Aug 2 (Reuters) – Emerging market stocks rose on Monday after a bruising month, led by gains in China, while currencies were mixed after manufacturing PMIs against a softer dollar.
The Chinese yuan was contained by data that showed factory activity grew at slowest pace since February 2020, while rising virus cases also weighed.
Elsewhere in Asia PMIs indicate a healthy rebound but slowing orders and rising price pressures.
Turkey’s PMI, meanwhile, showed factory activity rose at the fastest pace in six months. The lira rose 0.7%, inching closer to seven-week highs. The focus will be on inflation data from Turkey on Tuesday which is expected to come in closer to the country’s key interest rate.
“Investors started the week in the inevitable buy-the-dip mode,” said Jeffrey Halley, senior market analyst at Oanda.
“Sentiment may also have been helped by the unveiling of the bi-partisan U.S. infrastructure bill.”
U.S. senators on Sunday introduced a sweeping $1 trillion plan to invest in roads, bridges, ports, high-speed internet and other infrastructure.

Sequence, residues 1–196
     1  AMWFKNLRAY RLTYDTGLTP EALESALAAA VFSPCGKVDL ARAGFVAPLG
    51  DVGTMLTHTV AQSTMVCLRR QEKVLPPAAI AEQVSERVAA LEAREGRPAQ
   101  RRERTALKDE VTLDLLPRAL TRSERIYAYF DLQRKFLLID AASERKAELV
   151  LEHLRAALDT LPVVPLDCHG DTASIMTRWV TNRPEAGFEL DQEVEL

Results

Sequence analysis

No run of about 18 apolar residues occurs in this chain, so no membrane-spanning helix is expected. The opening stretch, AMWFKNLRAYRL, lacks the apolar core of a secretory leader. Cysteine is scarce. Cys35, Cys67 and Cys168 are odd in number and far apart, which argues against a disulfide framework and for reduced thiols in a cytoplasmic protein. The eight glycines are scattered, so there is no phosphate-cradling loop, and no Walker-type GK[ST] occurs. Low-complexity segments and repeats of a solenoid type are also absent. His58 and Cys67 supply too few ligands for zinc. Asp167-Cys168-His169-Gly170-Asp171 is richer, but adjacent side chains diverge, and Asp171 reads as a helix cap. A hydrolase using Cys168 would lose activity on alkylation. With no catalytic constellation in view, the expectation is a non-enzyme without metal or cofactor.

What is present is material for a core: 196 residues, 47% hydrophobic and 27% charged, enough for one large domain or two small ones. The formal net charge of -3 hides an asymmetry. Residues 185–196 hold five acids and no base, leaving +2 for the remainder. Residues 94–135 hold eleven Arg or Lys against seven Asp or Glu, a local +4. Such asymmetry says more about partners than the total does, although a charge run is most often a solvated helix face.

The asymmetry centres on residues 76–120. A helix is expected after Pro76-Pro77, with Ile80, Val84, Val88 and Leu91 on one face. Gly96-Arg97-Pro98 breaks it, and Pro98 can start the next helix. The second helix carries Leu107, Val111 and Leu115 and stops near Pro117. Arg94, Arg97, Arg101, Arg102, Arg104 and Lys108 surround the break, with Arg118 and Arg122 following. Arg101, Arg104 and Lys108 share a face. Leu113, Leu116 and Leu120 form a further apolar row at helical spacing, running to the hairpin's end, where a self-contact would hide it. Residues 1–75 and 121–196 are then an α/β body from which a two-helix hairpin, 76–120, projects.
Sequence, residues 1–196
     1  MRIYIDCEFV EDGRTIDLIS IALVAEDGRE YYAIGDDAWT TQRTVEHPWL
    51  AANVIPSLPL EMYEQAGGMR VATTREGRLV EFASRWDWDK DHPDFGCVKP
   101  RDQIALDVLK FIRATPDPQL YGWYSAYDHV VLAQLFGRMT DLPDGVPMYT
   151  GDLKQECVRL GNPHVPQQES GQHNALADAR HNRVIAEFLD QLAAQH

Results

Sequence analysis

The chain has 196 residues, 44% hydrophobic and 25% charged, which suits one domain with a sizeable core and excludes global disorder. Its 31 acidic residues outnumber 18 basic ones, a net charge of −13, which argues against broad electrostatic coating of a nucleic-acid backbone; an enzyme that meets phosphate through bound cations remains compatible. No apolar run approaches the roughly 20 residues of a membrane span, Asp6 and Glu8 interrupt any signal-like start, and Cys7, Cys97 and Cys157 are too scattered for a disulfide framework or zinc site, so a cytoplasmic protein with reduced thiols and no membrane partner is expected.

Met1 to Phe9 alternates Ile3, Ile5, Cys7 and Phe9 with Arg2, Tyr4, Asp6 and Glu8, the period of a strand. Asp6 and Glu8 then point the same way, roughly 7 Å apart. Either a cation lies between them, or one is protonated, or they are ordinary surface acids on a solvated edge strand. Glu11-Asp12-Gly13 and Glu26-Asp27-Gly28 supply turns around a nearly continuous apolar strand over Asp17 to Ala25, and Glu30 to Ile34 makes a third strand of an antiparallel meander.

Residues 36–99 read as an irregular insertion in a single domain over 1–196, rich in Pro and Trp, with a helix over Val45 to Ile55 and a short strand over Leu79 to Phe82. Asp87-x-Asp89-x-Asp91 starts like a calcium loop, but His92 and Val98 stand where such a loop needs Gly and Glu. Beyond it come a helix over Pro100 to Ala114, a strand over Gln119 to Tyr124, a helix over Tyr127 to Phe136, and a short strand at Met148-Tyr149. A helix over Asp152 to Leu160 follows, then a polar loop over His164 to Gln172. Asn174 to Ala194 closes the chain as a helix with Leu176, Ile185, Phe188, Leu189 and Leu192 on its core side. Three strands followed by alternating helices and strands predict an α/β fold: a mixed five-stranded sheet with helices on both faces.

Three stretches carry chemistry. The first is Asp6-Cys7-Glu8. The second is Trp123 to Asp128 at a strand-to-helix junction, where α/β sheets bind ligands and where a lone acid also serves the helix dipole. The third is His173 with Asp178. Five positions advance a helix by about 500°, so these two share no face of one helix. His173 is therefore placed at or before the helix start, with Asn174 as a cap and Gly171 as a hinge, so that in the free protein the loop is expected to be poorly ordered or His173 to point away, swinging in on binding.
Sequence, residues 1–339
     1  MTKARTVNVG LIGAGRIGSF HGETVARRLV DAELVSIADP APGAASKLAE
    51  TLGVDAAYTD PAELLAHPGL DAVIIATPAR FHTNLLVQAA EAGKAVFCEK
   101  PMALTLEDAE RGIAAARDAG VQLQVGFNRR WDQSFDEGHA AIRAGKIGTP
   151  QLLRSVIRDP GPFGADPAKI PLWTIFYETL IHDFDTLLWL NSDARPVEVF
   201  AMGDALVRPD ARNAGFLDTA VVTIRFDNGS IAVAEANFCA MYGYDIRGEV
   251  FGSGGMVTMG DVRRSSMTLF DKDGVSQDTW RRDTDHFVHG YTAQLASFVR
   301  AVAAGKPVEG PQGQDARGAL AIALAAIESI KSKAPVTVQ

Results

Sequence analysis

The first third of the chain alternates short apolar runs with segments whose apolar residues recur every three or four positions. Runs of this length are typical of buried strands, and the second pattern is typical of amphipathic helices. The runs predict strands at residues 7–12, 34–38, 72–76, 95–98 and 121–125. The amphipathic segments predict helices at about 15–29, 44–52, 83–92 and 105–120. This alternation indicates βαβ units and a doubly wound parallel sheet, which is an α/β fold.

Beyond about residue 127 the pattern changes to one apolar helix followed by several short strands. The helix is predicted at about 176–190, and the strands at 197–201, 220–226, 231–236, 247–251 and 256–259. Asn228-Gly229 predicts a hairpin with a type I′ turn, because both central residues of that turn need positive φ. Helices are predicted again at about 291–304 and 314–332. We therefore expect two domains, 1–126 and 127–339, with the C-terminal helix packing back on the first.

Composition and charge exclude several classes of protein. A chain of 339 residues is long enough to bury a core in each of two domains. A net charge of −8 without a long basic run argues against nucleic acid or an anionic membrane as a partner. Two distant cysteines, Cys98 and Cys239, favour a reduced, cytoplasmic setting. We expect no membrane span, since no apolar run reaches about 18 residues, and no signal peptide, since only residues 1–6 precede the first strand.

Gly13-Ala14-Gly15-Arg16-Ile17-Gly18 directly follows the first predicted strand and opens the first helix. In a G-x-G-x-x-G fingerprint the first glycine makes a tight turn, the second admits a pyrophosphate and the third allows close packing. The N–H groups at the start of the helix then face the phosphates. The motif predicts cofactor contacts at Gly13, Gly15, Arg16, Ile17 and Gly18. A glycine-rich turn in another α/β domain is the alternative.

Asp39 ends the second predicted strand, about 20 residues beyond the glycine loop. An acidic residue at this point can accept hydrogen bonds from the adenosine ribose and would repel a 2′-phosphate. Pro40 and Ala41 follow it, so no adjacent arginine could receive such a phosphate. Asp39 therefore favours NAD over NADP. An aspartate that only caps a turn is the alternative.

As the dollar languished ahead of U.S. jobless claims and payrolls data later this week, Russia’s rouble extended gains to a sixth straight session against the dollar, looking past a second month of contraction in manufacturing activity and falling oil prices.
Currencies of Poland and Hungary made healthy gains against a stronger euro as manufacturing remained in the expansion territory.
South Africa’s rand shrugged off early losses to rise 0.3%, while stocks were just 1% shy of five-month highs. The stock index increased 1.5% last week, despite offshore investors being net sellers of South African stocks in the week.
MSCI’s index of EM stocks rose 1% after dropping 2.6% in the previous week on regulatory concerns in China.
China’s securities regulator said on Sunday it will seek closer cooperation with its U.S. counterpart and will support overseas listings, after U.S. regulators tightened disclosure for Chinese companies and voiced concern about Beijing’s regulatory actions.
Mainland China and Hong Kong <,HSI> stocks rallied between 1% and 2.6%, while those in Turkey, Russia and Poland all rose between 0.3% and 0.7%.
But concerns over rising coroanvirus cases across many parts of Asia and Latin America capped gains.
“The virus remains the biggest threat to the outlook,” said Neil Shearing, group chief economist at Capital Economics. “The rapid spread of the Delta variant… poses a bigger threat to those emerging economies – particularly in Africa and Latin America – where vaccination rates are lower.”
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